Just as we examine companies each week that may be rising past their fair value, we can also find companies potentially trading at bargain prices. While many investors would rather have nothing to do with companies tipping the scales at 52-week lows, I think it makes a lot of sense to determine whether the market has overreacted to the downside, just as we often do when the market reacts to the upside.
Here's a look at three fallen angels trading near their 52-week lows that could be worth buying.
This valuation stinks
The fertilizer certainly hit the fan late last month after Russia's Uralkali, the largest maker of potash in the world, decided it would no longer be part of a price-fixing cartel and would instead sell its potash on the open market at spot prices. Needless to say, potash producers were creamed on the news with the expectation that potash prices might fall by as much as 25%.
For some, the haircut they took makes sense. I keep pointing back to Intrepid Potash (NYSE: IPI ) as my sector guinea pig, but with good reason. Intrepid Potash received 84.4% of its revenue in the latest quarter strictly from potash sales, so a reduction in selling prices here will cripple its margins. It also doesn't have nearly enough capital to mix up its product line or make acquisitions to stave off this risk.
On the other hand, the negativity surrounding South America's Sociedad Quimica y Minera de Chile (NYSE: SQM ) , which I'll just refer to as SQM to save time, makes little sense to me. Shares have been cut about 58% from their 52-week highs despite the fact that it continues to deliver revenue and profit growth in an environment with lower spot commodity prices. What intrigues me most about SQM is its business diversity. The company, in addition to potash, makes iodine and lithium-based plant nutrient derivatives and also has an industrial chemicals business. Although some of these businesses are dependent on a growing global economy, most of its business will naturally grow as the need for more food and higher crop yield increases as the world's population grows. Furthermore, SQM looks as if it's about to make big gains in the iodine and lithium nutrient derivatives market.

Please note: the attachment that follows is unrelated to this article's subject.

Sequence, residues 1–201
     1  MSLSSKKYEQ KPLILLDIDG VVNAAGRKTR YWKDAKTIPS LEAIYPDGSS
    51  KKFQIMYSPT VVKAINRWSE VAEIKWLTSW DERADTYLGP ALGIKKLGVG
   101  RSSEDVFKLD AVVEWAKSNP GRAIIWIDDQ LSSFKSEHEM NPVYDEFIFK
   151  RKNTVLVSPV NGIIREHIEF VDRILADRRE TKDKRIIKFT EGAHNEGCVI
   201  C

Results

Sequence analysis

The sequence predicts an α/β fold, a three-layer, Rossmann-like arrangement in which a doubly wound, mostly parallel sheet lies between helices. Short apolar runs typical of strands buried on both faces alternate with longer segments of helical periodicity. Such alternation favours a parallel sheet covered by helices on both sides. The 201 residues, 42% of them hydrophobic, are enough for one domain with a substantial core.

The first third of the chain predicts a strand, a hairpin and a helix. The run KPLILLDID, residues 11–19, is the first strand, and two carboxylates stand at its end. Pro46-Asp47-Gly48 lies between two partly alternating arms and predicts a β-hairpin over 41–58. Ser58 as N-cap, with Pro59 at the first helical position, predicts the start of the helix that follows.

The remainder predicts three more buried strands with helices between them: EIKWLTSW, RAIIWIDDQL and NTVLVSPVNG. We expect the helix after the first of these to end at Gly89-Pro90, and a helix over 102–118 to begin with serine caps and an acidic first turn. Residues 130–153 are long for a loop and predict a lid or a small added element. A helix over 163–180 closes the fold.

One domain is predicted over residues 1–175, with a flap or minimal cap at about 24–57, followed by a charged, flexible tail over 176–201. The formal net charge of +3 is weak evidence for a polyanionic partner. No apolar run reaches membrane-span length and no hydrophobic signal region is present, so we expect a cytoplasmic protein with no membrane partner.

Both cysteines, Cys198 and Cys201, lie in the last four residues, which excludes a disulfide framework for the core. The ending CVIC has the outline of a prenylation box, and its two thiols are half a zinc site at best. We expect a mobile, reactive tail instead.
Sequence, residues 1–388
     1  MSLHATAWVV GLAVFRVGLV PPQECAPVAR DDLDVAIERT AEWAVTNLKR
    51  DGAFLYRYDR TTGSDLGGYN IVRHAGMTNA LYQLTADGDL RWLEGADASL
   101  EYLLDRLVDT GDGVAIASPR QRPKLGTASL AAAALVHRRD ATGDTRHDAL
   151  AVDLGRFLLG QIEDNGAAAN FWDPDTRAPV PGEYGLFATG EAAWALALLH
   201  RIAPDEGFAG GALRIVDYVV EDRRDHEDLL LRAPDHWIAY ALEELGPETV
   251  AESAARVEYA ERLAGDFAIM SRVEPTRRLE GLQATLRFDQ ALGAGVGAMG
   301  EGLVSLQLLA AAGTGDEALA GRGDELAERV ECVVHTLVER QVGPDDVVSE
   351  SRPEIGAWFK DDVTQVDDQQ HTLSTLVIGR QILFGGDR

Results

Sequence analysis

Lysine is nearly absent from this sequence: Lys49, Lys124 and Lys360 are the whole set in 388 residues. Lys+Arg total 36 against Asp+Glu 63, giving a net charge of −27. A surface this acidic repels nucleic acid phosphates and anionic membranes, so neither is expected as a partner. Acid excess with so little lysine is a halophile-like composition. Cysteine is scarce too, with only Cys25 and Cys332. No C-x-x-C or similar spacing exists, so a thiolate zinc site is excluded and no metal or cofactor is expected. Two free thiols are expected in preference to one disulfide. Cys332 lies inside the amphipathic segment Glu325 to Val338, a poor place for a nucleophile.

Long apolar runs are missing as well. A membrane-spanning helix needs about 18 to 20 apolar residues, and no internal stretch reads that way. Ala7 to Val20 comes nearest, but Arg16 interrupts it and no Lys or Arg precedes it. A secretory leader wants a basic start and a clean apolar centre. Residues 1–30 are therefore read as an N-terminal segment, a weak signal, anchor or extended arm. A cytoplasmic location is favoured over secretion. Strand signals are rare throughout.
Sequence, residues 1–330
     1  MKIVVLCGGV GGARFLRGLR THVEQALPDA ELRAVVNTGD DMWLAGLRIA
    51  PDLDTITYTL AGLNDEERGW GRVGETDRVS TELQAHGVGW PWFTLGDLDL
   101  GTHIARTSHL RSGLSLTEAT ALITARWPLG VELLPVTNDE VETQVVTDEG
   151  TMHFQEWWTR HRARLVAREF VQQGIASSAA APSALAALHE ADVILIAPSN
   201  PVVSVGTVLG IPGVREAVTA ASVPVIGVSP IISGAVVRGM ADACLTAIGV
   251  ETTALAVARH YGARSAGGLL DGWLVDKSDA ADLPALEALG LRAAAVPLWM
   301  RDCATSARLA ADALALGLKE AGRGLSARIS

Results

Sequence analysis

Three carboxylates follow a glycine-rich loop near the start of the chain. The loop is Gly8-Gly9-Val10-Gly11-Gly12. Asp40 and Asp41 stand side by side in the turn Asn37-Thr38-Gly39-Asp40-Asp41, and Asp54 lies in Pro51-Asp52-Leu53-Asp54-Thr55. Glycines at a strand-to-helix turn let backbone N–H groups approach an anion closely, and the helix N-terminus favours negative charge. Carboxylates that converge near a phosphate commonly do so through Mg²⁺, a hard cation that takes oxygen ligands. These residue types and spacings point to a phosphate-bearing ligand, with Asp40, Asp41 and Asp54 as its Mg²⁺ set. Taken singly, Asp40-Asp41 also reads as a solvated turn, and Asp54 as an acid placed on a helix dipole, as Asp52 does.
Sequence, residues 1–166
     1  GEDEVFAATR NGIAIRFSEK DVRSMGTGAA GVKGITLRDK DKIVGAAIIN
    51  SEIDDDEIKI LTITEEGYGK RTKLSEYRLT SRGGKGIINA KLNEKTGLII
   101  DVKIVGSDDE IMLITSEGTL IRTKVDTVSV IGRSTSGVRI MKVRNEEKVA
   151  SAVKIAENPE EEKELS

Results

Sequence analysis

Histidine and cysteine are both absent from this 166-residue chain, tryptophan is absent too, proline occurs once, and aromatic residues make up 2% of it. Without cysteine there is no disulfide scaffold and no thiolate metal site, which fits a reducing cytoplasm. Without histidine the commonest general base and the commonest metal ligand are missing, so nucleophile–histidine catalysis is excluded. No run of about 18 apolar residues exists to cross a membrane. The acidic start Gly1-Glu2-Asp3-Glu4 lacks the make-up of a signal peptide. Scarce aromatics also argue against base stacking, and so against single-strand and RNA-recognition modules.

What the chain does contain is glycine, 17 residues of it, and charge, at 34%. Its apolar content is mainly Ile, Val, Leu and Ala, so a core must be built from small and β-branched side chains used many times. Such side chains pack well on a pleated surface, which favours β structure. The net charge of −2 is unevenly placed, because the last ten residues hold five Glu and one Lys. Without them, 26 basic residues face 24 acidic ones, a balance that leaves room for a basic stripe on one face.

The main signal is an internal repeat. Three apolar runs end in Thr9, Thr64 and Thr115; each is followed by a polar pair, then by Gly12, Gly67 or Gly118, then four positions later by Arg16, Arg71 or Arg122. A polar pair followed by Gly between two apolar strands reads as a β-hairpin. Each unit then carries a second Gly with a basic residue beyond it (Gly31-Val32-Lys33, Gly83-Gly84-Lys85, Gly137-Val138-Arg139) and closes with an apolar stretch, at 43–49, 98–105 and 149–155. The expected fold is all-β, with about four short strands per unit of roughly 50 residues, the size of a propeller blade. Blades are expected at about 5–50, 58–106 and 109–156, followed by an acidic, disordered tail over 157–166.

With SQM valued at 14 times forward earnings, I believe the negativity surrounding potash prices has been more than accounted for in its share price and would recommend digging deeper into what could be a very profitable international crop nutrients play.
Play into this cyclical stock
While always thinking for the long term, sometimes intriguing intermediate-term investments of one to three years do rear their head. This is exactly what I feel we have in semiconductor test equipment maker LTX-Credence (NASDAQ: LTXC ) .
LTX-Credence's third-quarter results released in May weren't too encouraging -- there's no sugarcoating it. The company's boost 18% boost in revenue was welcome news, as was its narrower quarterly loss, but revenue for the third quarter and upcoming sales guidance for the fourth quarter (which it's yet to report) both came in below the Street's expectations. In today's global economy, many wireless and PC businesses are holding back on orders until growth prospects are clearer, and that is hurting LTX-Credence's outlook.